In my earlier years I would have gone for it, but I've become more cautious over time. It's stupid really, because it gets me nowhere.
That's called discovering your mortality. Happened to me in my mid 20's. The startling realization, while screaming down a wet descent chasing back on once again, that a crash could really hurt and may leave a mark!

You need to get over that.

Here's what I would do in your case: First, pick one of your perceived weakness and train the heck out of it. Focus on it for a while and really work on improving it.

Second, pick 2 or 3 races that suit you strengths best and focus your season around those.

Third, use all other races as preparation for your selected races. Attack, sprint, jump until you're dead, follow moves, follow riders you think will be dangerous in your selected races try as much stuff as you can.

This will give you fitness, confidence, some knowledge about your opponents and a focus to your season. You might just have some fun, too.
Bob Dopolina is offline   Reply With Quote
Old 02-03-08, 06:03 PM   #13
LT Intolerant
Senior Member
Thread Starter
 
Join Date: Dec 2005
Bikes:
Posts: 525
Mentioned: 0 Post(s)
Tagged: 0 Thread(s)
Quoted: 0 Post(s)
Quote:
Originally Posted by Bob Dopolina View Post
That's called discovering your mortality. Happened to me in my mid 20's. The startling realization, while screaming down a wet descent chasing back on once again, that a crash could really hurt and may leave a mark!

You need to get over that.

Here's what I would do in your case: First, pick one of your perceived weakness and train the heck out of it. Focus on it for a while and really work on improving it.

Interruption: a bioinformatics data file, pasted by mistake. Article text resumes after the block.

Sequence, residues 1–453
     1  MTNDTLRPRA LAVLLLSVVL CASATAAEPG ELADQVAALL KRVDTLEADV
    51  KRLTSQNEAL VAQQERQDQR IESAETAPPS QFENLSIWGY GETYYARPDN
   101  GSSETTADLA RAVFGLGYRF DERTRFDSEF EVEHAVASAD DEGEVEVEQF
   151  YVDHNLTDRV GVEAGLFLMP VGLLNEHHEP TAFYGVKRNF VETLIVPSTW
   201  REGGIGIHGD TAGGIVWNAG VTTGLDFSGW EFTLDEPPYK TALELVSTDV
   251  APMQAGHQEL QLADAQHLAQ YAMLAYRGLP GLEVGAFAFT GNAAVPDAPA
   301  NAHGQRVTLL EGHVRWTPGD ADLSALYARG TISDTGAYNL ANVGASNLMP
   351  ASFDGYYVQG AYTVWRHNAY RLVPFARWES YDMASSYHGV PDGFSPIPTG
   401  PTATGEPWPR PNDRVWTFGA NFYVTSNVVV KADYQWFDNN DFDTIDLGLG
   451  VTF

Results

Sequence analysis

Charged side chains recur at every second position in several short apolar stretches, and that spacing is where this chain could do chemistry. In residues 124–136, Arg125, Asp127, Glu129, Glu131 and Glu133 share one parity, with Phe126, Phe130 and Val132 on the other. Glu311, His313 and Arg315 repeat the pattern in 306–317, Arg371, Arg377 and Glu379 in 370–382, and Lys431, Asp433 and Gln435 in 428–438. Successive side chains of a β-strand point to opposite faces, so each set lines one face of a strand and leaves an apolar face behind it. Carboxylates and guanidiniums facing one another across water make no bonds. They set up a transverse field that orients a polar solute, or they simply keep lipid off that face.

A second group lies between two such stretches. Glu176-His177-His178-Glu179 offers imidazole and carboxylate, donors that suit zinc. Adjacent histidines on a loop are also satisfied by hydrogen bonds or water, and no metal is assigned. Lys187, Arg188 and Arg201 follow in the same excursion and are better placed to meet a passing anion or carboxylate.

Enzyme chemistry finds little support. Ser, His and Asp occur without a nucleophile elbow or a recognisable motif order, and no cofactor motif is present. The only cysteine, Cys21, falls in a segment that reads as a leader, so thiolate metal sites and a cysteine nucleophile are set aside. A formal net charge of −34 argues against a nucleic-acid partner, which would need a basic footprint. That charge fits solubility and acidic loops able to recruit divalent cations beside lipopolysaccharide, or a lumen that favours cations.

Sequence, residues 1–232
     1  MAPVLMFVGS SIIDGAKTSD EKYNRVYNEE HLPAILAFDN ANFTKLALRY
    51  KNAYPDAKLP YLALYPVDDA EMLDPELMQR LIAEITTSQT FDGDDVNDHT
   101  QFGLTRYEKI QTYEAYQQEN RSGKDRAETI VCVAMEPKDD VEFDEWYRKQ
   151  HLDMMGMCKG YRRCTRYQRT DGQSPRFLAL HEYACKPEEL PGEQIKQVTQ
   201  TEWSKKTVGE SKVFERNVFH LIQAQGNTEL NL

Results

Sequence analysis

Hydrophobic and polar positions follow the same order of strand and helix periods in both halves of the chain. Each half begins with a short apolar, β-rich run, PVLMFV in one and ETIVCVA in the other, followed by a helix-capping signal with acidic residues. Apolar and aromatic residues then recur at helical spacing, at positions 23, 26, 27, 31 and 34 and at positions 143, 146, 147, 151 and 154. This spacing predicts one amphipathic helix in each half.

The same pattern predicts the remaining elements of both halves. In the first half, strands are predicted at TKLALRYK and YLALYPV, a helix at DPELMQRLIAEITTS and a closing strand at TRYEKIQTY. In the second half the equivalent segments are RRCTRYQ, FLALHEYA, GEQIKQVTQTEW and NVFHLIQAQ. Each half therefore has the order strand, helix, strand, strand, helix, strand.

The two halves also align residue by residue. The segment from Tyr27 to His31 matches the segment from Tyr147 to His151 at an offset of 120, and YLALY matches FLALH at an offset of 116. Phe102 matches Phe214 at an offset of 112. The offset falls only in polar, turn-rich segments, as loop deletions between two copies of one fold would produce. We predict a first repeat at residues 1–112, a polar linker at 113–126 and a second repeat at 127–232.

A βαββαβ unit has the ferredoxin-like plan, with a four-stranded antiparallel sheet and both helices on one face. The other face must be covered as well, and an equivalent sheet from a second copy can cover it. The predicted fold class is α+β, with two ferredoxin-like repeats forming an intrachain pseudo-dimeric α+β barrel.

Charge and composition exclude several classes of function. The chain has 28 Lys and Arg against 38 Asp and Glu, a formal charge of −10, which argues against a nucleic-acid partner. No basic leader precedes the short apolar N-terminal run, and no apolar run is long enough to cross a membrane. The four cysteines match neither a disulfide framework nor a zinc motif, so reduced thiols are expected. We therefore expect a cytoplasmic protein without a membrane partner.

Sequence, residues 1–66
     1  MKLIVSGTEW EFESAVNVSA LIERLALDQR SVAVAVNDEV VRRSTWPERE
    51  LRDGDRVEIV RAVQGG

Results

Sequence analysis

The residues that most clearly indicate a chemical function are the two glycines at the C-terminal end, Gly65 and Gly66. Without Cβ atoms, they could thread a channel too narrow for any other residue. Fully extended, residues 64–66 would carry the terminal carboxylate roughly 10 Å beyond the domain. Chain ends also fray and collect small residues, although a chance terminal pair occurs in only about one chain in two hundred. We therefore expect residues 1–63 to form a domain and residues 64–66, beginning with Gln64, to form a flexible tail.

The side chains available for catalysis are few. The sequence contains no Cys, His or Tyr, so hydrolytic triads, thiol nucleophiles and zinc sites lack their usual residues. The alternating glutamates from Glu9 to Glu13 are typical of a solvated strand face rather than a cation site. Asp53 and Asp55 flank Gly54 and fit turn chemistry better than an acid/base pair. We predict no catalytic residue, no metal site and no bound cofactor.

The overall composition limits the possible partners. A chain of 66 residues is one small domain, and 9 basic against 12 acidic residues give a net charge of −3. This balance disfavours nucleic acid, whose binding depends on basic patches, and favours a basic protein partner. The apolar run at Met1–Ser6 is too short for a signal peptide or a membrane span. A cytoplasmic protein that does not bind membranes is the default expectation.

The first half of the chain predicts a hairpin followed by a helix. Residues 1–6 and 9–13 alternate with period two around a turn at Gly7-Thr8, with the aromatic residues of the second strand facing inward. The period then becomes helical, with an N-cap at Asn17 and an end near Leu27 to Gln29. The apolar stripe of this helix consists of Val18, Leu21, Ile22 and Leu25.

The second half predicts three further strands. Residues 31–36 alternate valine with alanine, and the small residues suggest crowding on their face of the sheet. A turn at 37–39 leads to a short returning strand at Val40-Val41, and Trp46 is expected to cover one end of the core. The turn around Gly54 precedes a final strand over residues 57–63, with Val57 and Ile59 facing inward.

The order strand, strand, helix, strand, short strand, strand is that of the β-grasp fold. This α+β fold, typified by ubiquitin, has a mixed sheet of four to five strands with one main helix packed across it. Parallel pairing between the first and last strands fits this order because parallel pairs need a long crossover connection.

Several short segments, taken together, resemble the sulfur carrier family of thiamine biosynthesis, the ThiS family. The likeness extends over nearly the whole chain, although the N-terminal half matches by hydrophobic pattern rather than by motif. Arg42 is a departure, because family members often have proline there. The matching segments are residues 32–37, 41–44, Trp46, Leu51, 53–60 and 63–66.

Second, pick 2 or 3 races that suit you strengths best and focus your season around those.

Third, use all other races as preparation for your selected races. Attack, sprint, jump until you're dead, follow moves, follow riders you think will be dangerous in your selected races try as much stuff as you can.

This will give you fitness, confidence, some knowledge about your opponents and a focus to your season. You might just have some fun, too.
Thanks Bob, you nailed it, racing afraid sucks. Great advice.

Last edited by LT Intolerant; 02-03-08 at 07:36 PM.
LT Intolerant is offline   Reply With Quote
Old 02-03-08, 07:13 PM   #14
wfrogge
Senior Member
 
Join Date: Feb 2007
Bikes:
Posts: 3,917
Mentioned: 0 Post(s)
Tagged: 0 Thread(s)
Quoted: 0 Post(s)
Racing afraid leads to accidents more than anything else
wfrogge is offline   Reply With Quote
Old 02-03-08, 07:20 PM   #15
Voodoo76
Blast from the Past
 
Voodoo76's Avatar
 
Join Date: Mar 2005
Location: Schertz TX
Bikes: Ridley Excal, CAAD10, Dolan PreCursa
Posts: 2,804
Mentioned: 0 Post(s)
Tagged: 0 Thread(s)